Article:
Nick Drake's final studio album, Pink Moon, released in 1972, has a character all of its own. The terse or brief song titles, and the fact that this was the singer-songwriter's last record, have led people to jump to certain conclusions.
The songs have sparse and stripped down arrangements, consisting mostly of the voice accompanied by acoustic guitar. There is none of the decorative instrumentation or trimmings present on Nick's two previous records, Five Leaves Left and Bryter Layter.
It is true that some of the content of Pink Moon is bleak, but it is not unremittingly so, and the general perception of the LP's mood is no doubt compounded by the hypnotic and metronomic nature of a few of the tracks - "Place To Be" springs to mind in this regard. In a few cases the tempo and rhythms suit the atmosphere, but elsewhere things are less straightforward.
Some of the numbers, such as "Road", have a more pronounced "folk" feel to them, and the sparer sound allows Nick's acoustic guitar technique to show through. I suspect that the word "ascetic" is used with some regularity when Pink Moon is discussed.The melodies are understated and uncomplicated, and the vocal delivery sometimes indistinct, as if the offerings are not really meant for public consumption.
For me the outstanding track is "Things Behind The Sun", which carries the odd echo of Five Leaves Left, in its greater complexity. It is also longer than the other compositions here. "Parasite" is quite unusual for the Drake catalogue, in the relative "crudeness" of its imagery.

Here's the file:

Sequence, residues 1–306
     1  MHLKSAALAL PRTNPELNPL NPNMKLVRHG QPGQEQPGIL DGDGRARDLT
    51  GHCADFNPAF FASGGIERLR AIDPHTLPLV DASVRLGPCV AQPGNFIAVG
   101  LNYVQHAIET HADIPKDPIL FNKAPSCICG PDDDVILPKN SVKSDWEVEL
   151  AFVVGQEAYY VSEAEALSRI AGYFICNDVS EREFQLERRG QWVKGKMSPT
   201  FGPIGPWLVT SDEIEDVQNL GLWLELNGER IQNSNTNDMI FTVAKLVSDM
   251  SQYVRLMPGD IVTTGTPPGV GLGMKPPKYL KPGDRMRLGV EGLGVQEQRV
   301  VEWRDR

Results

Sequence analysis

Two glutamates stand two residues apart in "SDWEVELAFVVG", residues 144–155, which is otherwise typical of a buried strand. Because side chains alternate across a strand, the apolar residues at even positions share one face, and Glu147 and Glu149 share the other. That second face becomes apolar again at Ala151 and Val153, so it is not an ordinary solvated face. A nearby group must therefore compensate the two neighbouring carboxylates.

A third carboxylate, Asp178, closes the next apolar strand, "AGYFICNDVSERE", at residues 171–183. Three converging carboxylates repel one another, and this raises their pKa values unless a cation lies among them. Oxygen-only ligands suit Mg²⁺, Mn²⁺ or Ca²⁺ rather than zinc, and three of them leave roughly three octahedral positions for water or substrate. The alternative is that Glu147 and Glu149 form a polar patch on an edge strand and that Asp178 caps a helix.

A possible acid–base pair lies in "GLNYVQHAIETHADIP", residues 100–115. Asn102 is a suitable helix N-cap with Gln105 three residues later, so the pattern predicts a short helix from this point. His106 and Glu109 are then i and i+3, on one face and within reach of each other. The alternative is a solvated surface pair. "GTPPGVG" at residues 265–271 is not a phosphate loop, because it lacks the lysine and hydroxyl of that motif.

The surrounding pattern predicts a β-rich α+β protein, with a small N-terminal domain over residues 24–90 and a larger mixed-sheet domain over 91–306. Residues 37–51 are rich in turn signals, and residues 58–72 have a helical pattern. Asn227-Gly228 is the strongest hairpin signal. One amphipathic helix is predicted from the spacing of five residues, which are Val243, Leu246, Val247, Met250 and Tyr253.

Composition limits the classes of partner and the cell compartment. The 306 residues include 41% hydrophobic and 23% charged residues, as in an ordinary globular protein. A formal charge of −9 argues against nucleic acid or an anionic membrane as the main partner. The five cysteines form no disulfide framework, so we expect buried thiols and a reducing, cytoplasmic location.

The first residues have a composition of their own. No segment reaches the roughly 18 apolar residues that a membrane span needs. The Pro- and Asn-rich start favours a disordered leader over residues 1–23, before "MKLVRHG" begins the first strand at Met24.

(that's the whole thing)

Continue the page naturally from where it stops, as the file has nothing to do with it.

Melancholy is the word so regularly, and often blithely, associated with Nick Drake's work. In the confines of Pink Moon, "melancholy", when understood in a broader sense, assumes its own identity, as if it is a realm in itself, existing in parallel with the real world. Without adopting a stereotyped view of Drake-songs, one can see a poetic beauty about this "other" world. People who have been there will doubtless identify with some of the sentiments expressed, even if they are done so cryptically. This, together with the musical approach, helps to give the album an acute, occasionally unsettling, intimacy.
Pink Moon lacks the conventional "entertainment" value of Nick's other work. It is much more direct, but no less affecting.